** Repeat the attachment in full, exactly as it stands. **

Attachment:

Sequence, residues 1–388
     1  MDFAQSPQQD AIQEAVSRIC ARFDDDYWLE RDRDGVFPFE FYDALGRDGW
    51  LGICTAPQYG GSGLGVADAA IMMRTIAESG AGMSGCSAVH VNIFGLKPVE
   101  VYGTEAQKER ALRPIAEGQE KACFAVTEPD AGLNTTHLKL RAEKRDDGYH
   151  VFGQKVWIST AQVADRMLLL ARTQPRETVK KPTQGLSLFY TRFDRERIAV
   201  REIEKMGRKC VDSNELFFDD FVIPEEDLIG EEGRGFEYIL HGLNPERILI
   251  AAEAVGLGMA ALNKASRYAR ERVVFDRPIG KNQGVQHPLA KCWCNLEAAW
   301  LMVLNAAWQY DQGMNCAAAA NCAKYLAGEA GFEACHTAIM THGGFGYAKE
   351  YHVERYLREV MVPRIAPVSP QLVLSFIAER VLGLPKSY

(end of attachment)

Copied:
Sequence, residues 1–388
     1  MDFAQSPQQD AIQEAVSRIC ARFDDDYWLE RDRDGVFPFE FYDALGRDGW
    51  LGICTAPQYG GSGLGVADAA IMMRTIAESG AGMSGCSAVH VNIFGLKPVE
   101  VYGTEAQKER ALRPIAEGQE KACFAVTEPD AGLNTTHLKL RAEKRDDGYH
   151  VFGQKVWIST AQVADRMLLL ARTQPRETVK KPTQGLSLFY TRFDRERIAV
   201  REIEKMGRKC VDSNELFFDD FVIPEEDLIG EEGRGFEYIL HGLNPERILI
   251  AAEAVGLGMA ALNKASRYAR ERVVFDRPIG KNQGVQHPLA KCWCNLEAAW
   301  LMVLNAAWQY DQGMNCAAAA NCAKYLAGEA GFEACHTAIM THGGFGYAKE
   351  YHVERYLREV MVPRIAPVSP QLVLSFIAER VLGLPKSY